“If you don’t know about it, it’s easy to overlook it,” said Lia.
Other things you can do to make text more accessible:
Conduct testing with various assistive technologies such as screen readers, voice recognition software, and keyboard-only navigation tools to ensure compatibility and usability.
How do you ensure multimedia accessibility?
Most websites and social media platforms today include multimedia components. Graphics, images, and videos help content marketers explain complex topics and make content more interesting.
Making sure multimedia doesn’t confuse assistive devices is paramount to making your content more inclusive. Consider using these techniques to help improve multimedia accessibility.
When in doubt, follow web accessibility guidelines to ensure all your multimedia content meets recognized accessibility standards.
How do you improve navigational accessibility?
Clear and concise headings and text formatting are two ways to improve navigational accessibility. However, there are some other often overlooked strategies you can use to further improve inclusivity.
Proper placement of hashtags is one of the most important things you can do to make your content – especially on social media platforms – more accessible.
“If you must use hashtags, put them at the end of a sentence,” said Lia. “If you put them in the beginning or middle of a sentence it confuses screen readers. They’ll read it out, but it often breaks the flow, making it harder for the person using the screen reader to understand what they’re hearing.”
Another tip for hashtags is to use camel-casing, she said. Capitalize the first letter of each new word in a hashtag so screen readers can distinguish it. Otherwise, they’ll read it as one jumbled word, which may not make sense to the person using the assistive device.
The worst thing you can do is string a bunch of hashtags together in the same sentence. “Until screen readers get better, it prevents equal access,” said Lia.
Emojis are another source of frustration for visually impaired people. “They’re difficult for screen readers,” said Lia. “They don’t see a smiley face and say, ‘smiley face’ to the person using the device. A screen reader will read out the alt text assigned to the emoji instead. If you use a bunch of them together, a screen reader jumbles all the alt text together.”
Lia said she likes using emojis herself but sticks to placing only one of them at the end of a sentence to be mindful of accessibility.
How do you educate your content team on accessibility?
Educating your content team on the importance of accessibility is crucial for fostering a culture of inclusivity. Every person working on content – social media posts, website content – must understand how to integrate accessibility into the content creation process.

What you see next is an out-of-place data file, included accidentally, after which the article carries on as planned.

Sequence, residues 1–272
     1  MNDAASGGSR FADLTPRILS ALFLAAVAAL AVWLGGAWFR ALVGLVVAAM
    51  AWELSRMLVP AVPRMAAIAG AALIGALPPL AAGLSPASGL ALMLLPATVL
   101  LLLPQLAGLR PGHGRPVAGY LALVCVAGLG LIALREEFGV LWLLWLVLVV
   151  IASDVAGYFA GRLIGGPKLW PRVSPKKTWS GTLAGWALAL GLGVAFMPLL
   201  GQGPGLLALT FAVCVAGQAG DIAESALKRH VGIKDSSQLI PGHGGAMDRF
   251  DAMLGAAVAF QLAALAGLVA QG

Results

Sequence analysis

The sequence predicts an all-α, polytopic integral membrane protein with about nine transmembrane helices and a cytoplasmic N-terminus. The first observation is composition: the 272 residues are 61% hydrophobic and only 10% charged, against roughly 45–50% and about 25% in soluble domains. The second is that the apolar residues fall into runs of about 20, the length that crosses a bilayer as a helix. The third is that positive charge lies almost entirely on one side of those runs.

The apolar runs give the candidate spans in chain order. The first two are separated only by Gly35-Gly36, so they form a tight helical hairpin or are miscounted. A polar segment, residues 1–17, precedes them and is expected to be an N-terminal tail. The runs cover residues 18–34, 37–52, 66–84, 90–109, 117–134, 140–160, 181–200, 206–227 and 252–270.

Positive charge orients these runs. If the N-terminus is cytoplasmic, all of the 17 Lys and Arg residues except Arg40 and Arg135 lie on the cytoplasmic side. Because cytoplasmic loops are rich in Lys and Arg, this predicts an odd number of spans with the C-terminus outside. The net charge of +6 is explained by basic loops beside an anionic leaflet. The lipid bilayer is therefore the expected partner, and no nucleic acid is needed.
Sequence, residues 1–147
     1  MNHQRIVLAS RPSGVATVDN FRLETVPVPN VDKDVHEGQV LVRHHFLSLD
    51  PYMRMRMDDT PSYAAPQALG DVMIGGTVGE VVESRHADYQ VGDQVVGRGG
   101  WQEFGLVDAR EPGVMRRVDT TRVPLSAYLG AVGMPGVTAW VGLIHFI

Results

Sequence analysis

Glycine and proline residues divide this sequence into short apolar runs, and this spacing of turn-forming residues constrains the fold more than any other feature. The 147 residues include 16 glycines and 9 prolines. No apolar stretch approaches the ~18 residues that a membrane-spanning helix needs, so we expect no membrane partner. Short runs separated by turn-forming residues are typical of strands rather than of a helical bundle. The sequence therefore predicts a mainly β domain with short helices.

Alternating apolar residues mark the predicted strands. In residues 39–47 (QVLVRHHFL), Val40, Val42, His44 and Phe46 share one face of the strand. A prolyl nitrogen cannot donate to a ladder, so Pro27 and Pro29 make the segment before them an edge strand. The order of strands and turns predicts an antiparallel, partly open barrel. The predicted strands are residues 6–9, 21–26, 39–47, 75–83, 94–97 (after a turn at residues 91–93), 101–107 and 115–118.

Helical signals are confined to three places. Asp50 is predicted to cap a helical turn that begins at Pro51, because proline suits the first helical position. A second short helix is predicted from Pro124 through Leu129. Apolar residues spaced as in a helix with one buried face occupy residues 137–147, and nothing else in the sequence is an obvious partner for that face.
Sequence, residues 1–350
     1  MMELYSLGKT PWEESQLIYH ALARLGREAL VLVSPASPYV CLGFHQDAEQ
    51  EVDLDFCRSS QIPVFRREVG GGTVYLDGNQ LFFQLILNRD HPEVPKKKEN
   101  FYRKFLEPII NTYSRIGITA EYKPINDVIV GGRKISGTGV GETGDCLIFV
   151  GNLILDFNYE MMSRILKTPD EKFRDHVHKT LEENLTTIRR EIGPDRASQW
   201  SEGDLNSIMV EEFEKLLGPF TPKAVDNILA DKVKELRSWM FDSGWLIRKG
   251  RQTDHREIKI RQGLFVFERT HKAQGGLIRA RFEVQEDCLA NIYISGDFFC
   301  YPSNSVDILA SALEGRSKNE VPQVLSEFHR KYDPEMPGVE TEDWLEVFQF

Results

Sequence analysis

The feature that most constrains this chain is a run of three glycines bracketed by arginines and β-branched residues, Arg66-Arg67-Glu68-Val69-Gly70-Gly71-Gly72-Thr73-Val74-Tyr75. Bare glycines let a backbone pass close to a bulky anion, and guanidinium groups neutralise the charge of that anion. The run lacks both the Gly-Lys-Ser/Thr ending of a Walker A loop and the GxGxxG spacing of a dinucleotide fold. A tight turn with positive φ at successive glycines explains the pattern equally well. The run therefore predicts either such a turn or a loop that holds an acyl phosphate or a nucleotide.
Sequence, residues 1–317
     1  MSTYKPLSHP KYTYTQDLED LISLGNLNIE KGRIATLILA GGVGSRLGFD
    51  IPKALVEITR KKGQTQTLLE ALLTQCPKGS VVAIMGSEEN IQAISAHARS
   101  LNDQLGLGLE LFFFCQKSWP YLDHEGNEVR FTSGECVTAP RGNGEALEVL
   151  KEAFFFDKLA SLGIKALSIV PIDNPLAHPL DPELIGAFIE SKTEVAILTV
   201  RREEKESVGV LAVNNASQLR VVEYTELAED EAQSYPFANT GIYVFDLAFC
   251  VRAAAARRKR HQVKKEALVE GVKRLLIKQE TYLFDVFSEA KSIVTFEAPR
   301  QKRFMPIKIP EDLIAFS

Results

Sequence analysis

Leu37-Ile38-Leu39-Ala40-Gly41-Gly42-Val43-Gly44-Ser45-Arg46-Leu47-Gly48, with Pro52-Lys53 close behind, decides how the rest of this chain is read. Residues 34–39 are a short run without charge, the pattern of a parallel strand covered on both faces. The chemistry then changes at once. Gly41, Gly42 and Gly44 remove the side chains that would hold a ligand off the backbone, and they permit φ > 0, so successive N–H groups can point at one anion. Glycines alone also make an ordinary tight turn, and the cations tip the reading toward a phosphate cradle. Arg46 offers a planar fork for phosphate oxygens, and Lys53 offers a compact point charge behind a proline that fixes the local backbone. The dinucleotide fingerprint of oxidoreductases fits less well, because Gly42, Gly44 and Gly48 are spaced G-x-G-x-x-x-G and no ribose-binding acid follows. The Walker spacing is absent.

You can start the process by raising awareness about the significance of accessibility. Hold team meetings and workshops to explain its importance and who it benefits. Share real examples of how inclusion impacts the people your organization serves so your team can see the tangible results of their efforts.
Most importantly, provide accessibility training. Knowing the importance of inclusion isn’t enough. You must give your team the tools and knowledge needed to achieve the task.
Don’t be afraid to call on the experts to help, said Lia. She did that very thing when redesigning her Disability Writer website. Lia turned to the expertise of Clive Loseby at Access By Design. His company audits and creates accessible websites for organizations.
More than his expertise, Lia said she values the fact that Loseby walks the talk. “The cool thing about them is they have disabled people who audit the websites and help you fix them,” she said. “It’s a way for him to truly change the world, one website at a time.”
Partnering with accessibility experts
Strategies for embracing inclusivity at your organization extend beyond improving accessibility to your digital content. Consider creating content that demonstrates your brand’s commitment to equal access for all. That’s where someone like Lia comes in.
She creates articles, blogs, e-books, and other guides that empower and promote disability and inclusion. “There are many businesses that have a blog, but they never touch on disability and inclusion or their commitment to accessibility,” Lia said.
The Write Reflection is pleased to announce our partnership with Lia to foster and encourage more brands to embrace diversity, equity, and inclusion. She has agreed to lend her expertise to our clients who are interested in improving access to their digital assets. Lia also can craft inclusive-focused content for your website and other digital platforms.
Ready to commit to making your digital assets more inclusive? Reach out to us today to schedule your free consultation with Lia to get started.
Shari Berg has known she wanted to be a writer since she was old enough to hold a pencil in her hand. She believes everyone has a story to tell, and it’s her job to discover it. Shari owns The Write Reflection, a Pittsburgh-based copywriting and content writing company that empowers small business owners to wield the power of words.